Gough Whitlam wasn’t merely a key figure in Labor history — as you’ll hear constantly in the next few days — but a critical figure in the emergence of modern Australian politics.

The black-and-white footage of politics of the 1960s and 1970s disguises how different politics was then, particularly on the Labor side, in a party still healing from an ideological split that helped keep the party out of power for a generation. This was a left-wing party in a time of the Soviet Union and the Cold War, in which the Left and the Right were more than mere factional labels for a few minor differences over social policy. This was an era of profound ideological differences even within Labor itself, where socialists and even the occasional communist sat cheek-by-jowl with the Right, which even in the early 1970s was starting to shift towards a far more market-based economic policy than many Australians were used to or comfortable with.

It was Whitlam, after all, who — without a cabinet submission! — obtained cabinet agreement to cut tariffs by 25%, with the short-term goal of restraining inflation, a move influenced by Tariff Board head and free marketeer Alf Rattigan. It was an immensely costly decision politically — Whitlam owned every factory closure from that point — but the task of knocking down the tariff wall around the Australian economy would be carried on by the next Labor government. And it was Whitlam who had secured government for Labor by overhauling the party’s deadening internal structures in opposition and running a presidential-style campaign (befitting Gough’s ego, large even by the standard of a profession characterised by egomania) in 1972, including probably the most successful media campaign theme in Australian history.

But no amount of campaigning or internal reform could address his government’s fatal flaws: poor judgement, inexperience and a desperation to somehow make up for 23 years in opposition. It was also an unlucky government, with the oil crisis sending an inflationary shock through the economy here as it did for most the Western world — by December 1974, when Whitlam called and won a double dissolution election, inflation had topped 16%. Unemployment had doubled to over 5% (a shocking figure for a generation used to “a job for everyone”), and wages growth was spiralling out of control. Whitlam’s social policy innovations, educational reforms, innovative foreign policy (in opposition he’d anticipated Nixon by travelling to China) were for nought in the face of an economic crisis his government appeared to have no answers to.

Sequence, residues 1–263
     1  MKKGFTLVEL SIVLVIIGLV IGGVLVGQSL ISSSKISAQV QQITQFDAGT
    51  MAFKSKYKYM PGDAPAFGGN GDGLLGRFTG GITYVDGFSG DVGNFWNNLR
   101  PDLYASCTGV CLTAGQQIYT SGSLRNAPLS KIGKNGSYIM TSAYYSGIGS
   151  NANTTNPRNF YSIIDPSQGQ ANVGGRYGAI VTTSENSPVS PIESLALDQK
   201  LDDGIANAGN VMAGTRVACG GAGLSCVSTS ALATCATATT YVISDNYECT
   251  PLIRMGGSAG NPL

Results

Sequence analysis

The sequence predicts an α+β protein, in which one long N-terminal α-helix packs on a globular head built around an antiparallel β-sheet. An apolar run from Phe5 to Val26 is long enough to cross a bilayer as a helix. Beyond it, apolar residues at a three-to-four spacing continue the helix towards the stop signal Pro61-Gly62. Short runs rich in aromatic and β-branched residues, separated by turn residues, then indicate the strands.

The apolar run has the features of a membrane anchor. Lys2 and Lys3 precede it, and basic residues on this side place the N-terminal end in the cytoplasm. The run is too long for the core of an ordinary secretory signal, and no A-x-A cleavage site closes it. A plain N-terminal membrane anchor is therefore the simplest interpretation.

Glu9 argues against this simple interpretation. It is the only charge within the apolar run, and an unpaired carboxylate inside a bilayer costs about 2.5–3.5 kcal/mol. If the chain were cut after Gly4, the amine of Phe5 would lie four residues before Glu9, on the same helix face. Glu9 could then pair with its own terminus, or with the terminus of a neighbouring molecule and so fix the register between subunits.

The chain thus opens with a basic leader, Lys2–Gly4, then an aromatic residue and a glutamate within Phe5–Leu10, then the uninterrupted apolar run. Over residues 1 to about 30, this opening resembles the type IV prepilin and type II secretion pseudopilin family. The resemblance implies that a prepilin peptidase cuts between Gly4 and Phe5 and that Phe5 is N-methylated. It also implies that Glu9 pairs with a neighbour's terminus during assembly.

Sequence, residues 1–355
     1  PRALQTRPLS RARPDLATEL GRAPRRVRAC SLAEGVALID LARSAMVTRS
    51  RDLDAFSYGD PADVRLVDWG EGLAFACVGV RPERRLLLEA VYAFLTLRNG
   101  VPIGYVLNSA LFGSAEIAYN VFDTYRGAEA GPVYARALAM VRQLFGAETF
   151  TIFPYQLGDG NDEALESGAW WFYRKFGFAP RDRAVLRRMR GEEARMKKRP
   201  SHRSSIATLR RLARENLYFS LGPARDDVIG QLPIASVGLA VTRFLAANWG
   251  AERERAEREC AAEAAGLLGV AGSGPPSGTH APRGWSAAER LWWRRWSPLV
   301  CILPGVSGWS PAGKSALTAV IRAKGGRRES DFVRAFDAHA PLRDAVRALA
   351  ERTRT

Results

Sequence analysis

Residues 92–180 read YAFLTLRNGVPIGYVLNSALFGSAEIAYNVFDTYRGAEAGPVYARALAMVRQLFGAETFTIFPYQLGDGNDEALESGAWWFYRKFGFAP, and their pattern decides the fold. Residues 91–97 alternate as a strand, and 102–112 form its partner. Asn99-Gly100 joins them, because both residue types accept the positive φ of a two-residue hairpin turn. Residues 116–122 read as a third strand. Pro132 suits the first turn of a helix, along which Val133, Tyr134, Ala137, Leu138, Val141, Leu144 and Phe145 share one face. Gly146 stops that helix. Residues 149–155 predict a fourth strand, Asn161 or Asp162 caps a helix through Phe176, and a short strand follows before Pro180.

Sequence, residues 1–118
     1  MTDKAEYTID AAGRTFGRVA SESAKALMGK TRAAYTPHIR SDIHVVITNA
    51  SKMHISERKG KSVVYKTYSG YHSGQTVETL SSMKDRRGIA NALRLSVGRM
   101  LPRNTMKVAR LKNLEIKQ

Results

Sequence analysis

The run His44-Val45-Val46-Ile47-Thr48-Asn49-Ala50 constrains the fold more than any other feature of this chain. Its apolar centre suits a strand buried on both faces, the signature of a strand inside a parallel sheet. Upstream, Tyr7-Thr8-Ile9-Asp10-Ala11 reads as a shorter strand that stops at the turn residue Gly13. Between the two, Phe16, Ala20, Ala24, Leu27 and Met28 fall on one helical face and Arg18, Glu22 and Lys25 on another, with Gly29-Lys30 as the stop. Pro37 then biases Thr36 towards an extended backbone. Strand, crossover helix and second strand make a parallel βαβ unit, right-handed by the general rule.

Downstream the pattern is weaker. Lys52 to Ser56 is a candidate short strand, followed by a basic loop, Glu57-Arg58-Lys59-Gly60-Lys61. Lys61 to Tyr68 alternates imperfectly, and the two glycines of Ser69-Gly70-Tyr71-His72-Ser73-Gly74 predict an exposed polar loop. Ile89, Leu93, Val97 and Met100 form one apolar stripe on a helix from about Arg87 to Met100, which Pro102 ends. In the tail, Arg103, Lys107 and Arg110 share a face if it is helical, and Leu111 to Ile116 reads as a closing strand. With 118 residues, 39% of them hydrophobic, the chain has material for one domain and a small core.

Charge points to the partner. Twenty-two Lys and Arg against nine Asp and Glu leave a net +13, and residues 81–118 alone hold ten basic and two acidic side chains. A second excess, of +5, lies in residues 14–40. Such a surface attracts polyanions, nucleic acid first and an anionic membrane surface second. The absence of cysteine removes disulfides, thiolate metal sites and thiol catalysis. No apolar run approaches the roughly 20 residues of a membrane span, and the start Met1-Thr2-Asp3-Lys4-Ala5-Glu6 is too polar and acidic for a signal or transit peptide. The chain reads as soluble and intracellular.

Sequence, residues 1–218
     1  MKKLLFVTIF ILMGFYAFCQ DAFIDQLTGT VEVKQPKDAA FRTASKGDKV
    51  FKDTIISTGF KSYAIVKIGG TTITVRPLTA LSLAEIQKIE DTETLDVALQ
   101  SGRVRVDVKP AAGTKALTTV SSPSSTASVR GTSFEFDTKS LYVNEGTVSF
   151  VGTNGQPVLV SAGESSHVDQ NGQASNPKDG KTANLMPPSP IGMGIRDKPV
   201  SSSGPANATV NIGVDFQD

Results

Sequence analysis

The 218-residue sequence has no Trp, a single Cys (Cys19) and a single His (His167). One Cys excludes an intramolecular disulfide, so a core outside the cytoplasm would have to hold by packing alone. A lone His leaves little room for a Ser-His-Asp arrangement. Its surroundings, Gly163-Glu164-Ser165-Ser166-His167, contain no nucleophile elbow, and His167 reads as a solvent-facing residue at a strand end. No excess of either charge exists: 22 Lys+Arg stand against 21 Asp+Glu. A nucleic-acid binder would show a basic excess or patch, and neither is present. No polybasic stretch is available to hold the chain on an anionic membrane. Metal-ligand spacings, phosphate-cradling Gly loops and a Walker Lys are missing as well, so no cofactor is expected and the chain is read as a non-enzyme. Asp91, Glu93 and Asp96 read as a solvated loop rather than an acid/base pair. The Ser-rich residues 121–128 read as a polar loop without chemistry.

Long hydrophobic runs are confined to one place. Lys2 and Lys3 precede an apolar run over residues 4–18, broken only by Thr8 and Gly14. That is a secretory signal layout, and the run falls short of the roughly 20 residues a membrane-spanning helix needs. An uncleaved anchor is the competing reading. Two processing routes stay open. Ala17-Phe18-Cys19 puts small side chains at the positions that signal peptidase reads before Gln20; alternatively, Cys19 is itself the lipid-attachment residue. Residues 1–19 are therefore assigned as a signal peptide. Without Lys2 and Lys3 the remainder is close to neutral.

It was a lesson the next generation of Labor didn’t forget. The Hawke and Keating governments put economic management front and centre in Australian political debate in a way that it hadn’t ever been before: the modern political fixation with economic performance started in the 1980s. Those governments were every bit as reform-minded as Whitlam’s, but it was the entire reconstruction of the Australian economy they were pursuing, a reconstruction intended to protect the interests of workers while introducing external and internal competition.

Whitlam had become the “reverse playbook” for his party; Keating was said to deride “dewy-eyed Whitlamites” in caucus. But it was Whitlam who established the reformist government template: even as the ideological gap between the major parties closed, governments were now expected to reform, not merely manage, and to reform on a large scale; reform, progress and change became the yardstick by which successful governments were measured — governments might either do too little (now a common complaint) or do too much too quickly or too ineptly, but they must be seen to pursue big-picture change.

As he receded into history, much of the rancour surrounding Whitlam softened, as it did for Malcolm Fraser, his opponent in the titanic battle over supply in 1975 that led to the dismissal. Younger generations who now know Fraser only as a benignly soft-left elder statesman would be shocked at the visceral hatred directed at him after 1975 by the Left — Fraser was a figure more polarising and more hated than Tony Abbott will ever be. In retirement, Whitlam and Fraser ceased to be such divisive figures and almost appeared to merge into one another ideologically.

But the intense division of 1975, when Fraser took the country to the brink of a constitutional crisis in an effort to oust his opponent, left a permanent mark on Australian politics. Thereafter it became more brutal: Labor would never forgive or forget being dismissed from office; in opposition, the Coalition alternated between tearing itself apart looking for a leader that could restore it to power, and resorting to any tactic, smear or issue that could delegitimise Labor. It all started with the dismissal and with Whitlam, a man whose “crash through or crash” ethos proved a self-fulfilling prophecy but also reflected a determination to change Australia no matter how much entrenched opposition he encountered from conservatives. Labor will mourn him as a fallen giant, and are right to do so.